Equivalent airspeed
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Equivalent airspeed (EAS) is calibrated airspeed (CAS) corrected for the compressibility of air at a nontrivial Mach number. It is also the airspeed at sea level in the International Standard Atmosphere at which the dynamic pressure is the same as the dynamic pressure at the true airspeed (TAS) and altitude at which the aircraft is flying.^{[1]}^{[2]} In lowspeed flight, it is the speed which would be shown by an airspeed indicator with zero error.^{[3]} It is useful for predicting aircraft handling, aerodynamic loads, stalling etc.
where:
is actual air density.
is standard sea level density (1.225 kg/m^{3} or 0.00237 slug/ft^{3}).
EAS is a function of dynamic pressure.
where:
is dynamic pressure
EAS can also be obtained from the aircraft Mach number and static pressure.
where:
is the standard speed of sound at 15 °C (661.47 knots)
is Mach number
is static pressure
is standard sea level pressure (1013.25 hPa)
Combining the above with the expression for Mach number gives EAS as a function of impact pressure and static pressure (valid for subsonic flow):
where:
is impact pressure.
At standard sea level, EAS is the same as calibrated airspeed (CAS) and true airspeed (TAS). At any other altitude, EAS may be obtained from CAS by correcting for compressibility error.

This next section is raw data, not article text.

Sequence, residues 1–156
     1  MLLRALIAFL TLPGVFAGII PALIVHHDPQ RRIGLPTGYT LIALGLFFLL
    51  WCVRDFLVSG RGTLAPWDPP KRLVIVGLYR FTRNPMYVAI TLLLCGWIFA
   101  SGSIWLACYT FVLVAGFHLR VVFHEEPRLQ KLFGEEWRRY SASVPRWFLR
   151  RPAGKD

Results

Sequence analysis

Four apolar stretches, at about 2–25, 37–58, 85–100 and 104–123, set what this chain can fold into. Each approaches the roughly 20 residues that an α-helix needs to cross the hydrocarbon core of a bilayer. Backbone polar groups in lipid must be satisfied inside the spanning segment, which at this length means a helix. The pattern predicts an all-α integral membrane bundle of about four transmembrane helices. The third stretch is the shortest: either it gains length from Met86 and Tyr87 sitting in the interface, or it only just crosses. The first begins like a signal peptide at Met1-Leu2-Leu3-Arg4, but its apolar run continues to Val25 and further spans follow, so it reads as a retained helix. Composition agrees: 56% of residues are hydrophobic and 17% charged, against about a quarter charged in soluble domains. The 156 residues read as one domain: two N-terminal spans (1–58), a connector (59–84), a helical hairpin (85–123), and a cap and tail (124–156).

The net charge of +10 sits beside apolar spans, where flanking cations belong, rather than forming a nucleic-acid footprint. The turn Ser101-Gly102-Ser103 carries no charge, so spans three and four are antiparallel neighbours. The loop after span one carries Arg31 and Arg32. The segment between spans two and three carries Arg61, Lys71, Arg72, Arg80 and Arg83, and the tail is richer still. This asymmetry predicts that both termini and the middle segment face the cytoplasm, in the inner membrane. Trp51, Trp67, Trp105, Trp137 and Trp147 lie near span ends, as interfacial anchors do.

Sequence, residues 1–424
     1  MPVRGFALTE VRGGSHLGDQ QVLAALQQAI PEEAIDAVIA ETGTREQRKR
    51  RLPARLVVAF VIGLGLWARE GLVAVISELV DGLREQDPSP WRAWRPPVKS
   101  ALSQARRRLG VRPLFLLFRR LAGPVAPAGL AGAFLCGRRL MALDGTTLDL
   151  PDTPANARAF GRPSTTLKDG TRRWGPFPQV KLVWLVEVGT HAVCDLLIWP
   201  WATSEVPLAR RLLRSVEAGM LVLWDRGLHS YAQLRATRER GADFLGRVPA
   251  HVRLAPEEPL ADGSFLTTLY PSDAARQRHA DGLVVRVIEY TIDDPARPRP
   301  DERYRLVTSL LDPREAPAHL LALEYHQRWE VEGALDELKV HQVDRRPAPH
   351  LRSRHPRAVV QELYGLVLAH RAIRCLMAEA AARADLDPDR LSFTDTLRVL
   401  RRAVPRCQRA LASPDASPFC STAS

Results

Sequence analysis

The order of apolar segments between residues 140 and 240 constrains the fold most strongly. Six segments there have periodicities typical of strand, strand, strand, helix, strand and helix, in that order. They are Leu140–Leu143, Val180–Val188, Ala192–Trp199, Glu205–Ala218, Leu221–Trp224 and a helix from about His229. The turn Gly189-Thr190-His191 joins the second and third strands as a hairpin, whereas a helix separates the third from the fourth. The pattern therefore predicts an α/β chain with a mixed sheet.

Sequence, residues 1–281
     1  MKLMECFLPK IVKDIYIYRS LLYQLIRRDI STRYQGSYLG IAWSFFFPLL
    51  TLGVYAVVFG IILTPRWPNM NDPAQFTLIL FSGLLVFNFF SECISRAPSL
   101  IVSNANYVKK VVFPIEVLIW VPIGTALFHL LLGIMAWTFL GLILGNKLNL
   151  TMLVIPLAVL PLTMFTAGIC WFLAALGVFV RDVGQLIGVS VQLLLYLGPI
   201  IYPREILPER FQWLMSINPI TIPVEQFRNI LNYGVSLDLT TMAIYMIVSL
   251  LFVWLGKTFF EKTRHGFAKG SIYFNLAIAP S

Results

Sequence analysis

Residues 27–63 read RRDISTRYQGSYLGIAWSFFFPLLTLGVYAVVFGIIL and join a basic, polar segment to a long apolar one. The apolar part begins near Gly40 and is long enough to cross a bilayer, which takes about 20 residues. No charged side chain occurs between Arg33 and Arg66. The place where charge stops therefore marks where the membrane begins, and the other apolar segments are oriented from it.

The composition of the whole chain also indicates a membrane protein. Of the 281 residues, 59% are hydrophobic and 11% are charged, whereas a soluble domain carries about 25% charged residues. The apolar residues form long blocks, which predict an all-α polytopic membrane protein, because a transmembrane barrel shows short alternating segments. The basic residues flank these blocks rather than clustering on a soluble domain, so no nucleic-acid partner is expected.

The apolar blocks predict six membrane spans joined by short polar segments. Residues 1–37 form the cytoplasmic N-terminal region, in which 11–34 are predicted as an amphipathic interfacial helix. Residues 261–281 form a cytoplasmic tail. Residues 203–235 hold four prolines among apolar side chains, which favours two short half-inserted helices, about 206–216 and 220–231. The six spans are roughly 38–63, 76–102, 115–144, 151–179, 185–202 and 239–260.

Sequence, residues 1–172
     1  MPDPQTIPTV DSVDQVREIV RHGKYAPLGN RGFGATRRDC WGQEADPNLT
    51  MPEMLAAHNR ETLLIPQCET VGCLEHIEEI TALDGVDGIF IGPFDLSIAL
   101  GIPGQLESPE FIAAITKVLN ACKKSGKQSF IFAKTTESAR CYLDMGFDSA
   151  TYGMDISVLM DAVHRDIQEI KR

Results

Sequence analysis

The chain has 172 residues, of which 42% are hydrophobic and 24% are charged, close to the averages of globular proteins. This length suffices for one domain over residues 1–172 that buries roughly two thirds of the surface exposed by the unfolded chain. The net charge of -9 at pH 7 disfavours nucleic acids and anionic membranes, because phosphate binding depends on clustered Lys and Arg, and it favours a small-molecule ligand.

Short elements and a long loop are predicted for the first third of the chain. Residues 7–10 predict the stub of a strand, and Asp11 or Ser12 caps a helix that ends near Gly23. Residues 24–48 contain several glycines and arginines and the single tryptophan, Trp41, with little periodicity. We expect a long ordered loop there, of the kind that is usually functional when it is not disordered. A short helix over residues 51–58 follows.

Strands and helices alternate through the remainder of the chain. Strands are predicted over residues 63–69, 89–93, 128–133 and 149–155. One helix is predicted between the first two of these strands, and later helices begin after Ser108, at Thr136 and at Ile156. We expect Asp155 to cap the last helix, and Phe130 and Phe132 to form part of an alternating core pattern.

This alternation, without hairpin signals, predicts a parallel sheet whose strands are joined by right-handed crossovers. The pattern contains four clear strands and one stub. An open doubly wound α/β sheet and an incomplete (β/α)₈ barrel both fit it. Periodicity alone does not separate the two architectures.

The following simplified formula allows calculation of CAS from EAS:
where:
pressure ratio:
and are airspeeds and can be measured in knots, km/h, mph or any other appropriate unit.
The above formula is accurate within 1% up to Mach 1.2 and useful with acceptable error up to Mach 1.5. The 4th order Mach term can be neglected for speeds below Mach 0.85.
See also
Notes
 ^ Clancy, L.J. (1975), Aerodynamics, Section 3.8, Pitman Publishing Limited, London. ISBN 0273011200
 ^ Anderson, John D. (2007), Fundamentals of Aerodynamics, p.215 (4th edition), McGrawHill, New York USA. ISBN 9780072950465
 ^ Houghton, E.L. and Carpenter, P.W. (1993), Aerodynamics for Engineering Students, Section 2.3.3, ButterworthHeinemann, Oxford UK. ISBN 0340548479
References
 Anderson, John D. (2007), Fundamentals of Aerodynamics, Section 3.4 (4th edition), McGrawHill, New York USA. ISBN 9780072950465
 Gracey, William (1980), "Measurement of Aircraft Speed and Altitude" (11 MB), NASA Reference Publication 1046.